Lets start the virtual machine manager
$ sudo virt-manager
Lets a create a virtual instance now.
$ sudo mkdir /usr/lib64/xen -p $ sudo cp /usr/lib/xen-4.1/* -r /usr/lib64/xen/ $ sudo mkdir /usr/share/qemu $ sudo cp -r /usr/share/qemu-linaro/keymaps /usr/share/qemu/
The system thew errors as it was expecting files in the specified directories which was not present in my machine. What I did was – I made the specified directories and copied files from the real directories.
We’ve fixed all the issues regarding creating the virtual instance. Lets start creating a virtual instance. You can follow the below given steps to do so:
You can follow the following steps to create so:
From now on you should install the guest from the ISO as if you were installing it on real hardware:
Install the bridge-utils package:
$ sudo apt-get install bridge-utils
We are going to change the network configuration1. To do it properly, you should first stop networking2:
$ sudo invoke-rc.d networking stop
To setup a bridge interface, edit
/etc/network/interface to look something like this (it works for me!):
auto lo iface lo inet loopback auto br0 iface br0 inet dhcp
This will create a virtual interface br0.
Now restart network:
$ sudo /etc/init.d/networking restart
Bridge br0 to eth0
$ sudo brctl addif br0 eth0
And change the default bridge name to the one which you have created just now (“br0”).
You may not be able to ping to any machines from your ethernet interface, but you will be able to do the same using the br0 interface. This is because your ethernet’s IP is assigned to your bridge interface and ethernet interface is given a new IP. Run this command (the below given results was from my machine and it varies from network to network)
$ route -n Kernel IP routing table Destination Gateway Genmask Flags Metric Ref Use Iface 0.0.0.0 10.30.8.1 0.0.0.0 UG 0 0 0 br0 10.30.8.0 0.0.0.0 255.255.252.0 U 0 0 0 br0 10.30.8.0 0.0.0.0 255.255.252.0 U 1 0 0 eth0 169.254.0.0 0.0.0.0 255.255.0.0 U 1000 0 0 eth0 192.168.122.0 0.0.0.0 255.255.255.0 U 0 0 0 virbr0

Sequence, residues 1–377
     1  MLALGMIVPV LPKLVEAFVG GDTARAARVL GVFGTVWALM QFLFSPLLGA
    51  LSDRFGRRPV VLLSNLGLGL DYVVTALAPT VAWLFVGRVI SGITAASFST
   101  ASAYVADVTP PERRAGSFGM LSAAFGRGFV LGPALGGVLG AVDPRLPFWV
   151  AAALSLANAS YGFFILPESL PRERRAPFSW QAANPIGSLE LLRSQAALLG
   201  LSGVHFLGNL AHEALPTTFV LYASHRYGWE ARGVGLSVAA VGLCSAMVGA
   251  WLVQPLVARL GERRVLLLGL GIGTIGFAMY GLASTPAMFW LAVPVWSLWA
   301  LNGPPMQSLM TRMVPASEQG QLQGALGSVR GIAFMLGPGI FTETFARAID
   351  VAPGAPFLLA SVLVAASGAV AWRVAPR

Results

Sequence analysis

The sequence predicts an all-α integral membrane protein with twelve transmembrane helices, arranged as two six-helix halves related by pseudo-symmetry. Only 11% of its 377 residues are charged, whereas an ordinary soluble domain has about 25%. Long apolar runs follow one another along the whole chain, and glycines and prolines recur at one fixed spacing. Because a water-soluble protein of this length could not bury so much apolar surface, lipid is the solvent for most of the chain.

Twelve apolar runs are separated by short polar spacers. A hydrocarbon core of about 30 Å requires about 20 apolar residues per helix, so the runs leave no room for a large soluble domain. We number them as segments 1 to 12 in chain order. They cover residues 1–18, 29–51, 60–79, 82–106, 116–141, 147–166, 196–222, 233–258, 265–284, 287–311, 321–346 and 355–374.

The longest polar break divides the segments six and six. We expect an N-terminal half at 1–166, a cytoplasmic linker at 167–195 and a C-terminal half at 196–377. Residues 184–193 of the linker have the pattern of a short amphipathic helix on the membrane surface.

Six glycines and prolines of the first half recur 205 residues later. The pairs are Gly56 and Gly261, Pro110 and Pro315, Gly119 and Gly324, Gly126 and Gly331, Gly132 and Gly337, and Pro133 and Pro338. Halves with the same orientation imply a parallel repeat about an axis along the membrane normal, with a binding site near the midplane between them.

And find the default gateway of your network.
$ sudo route add default gw YOUR_GATEWAY dev br0
This will add the default gateway and associates with previously configured br0.
After executing the above mentioned steps, you should get something like this for getting the correct results:
$ route -n Kernel IP routing table Destination Gateway Genmask Flags Metric Ref Use Iface 0.0.0.0 10.30.8.1 0.0.0.0 UG 0 0 0 br0 0.0.0.0 10.30.8.1 0.0.0.0 UG 0 0 0 eth0 10.30.8.0 0.0.0.0 255.255.252.0 U 0 0 0 br0 10.30.8.0 0.0.0.0 255.255.252.0 U 1 0 0 eth0 169.254.0.0 0.0.0.0 255.255.0.0 U 1000 0 0 eth0 192.168.122.0 0.0.0.0 255.255.255.0 U 0 0 0 virbr0
Download the ISO image of any operating system (I used Ubuntu 12.04 32 bit version’s ISO)
Create a virtual disk of size 10 GB (9.8 G approximately)
$ dd if=/dev/zero of=new.img bs=1M count=10000
Create a guest config file ubuntu.cfg
builder = "hvm" name = "ubuntu-hvm" memory = "512" vcpus = 1 vif = ['bridge=br0'] disk = ['file:/media/linux_data/Ubuntu.img,sda,w','file:/media/linux_data/ubuntu-12.04-desktop-i386.iso,hdc:cdrom,r'] vnc = 1 boot="dc" vncdisplay = 7
Then you could create that virtual instance using this command:
$ xm create Ubuntu.cfg
In-order to run this virtual instance, you have to install xvncviewer, A VNC client lets you connect to a desktop that’s been shared..
$ sudo apt-get install xnc4viewer $ xvncviewer localhost:7
Now you can install the ubuntu 12.04 in your hypervisor and enjoy!